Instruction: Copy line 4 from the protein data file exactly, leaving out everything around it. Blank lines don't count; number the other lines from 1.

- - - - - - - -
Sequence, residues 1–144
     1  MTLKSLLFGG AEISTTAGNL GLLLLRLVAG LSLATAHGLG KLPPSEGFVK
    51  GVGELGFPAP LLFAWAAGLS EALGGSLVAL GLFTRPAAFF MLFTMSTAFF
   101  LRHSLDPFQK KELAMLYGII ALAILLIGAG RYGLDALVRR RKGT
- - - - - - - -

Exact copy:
   101  LRHSLDPFQK KELAMLYGII ALAILLIGAG RYGLDALVRR RKGT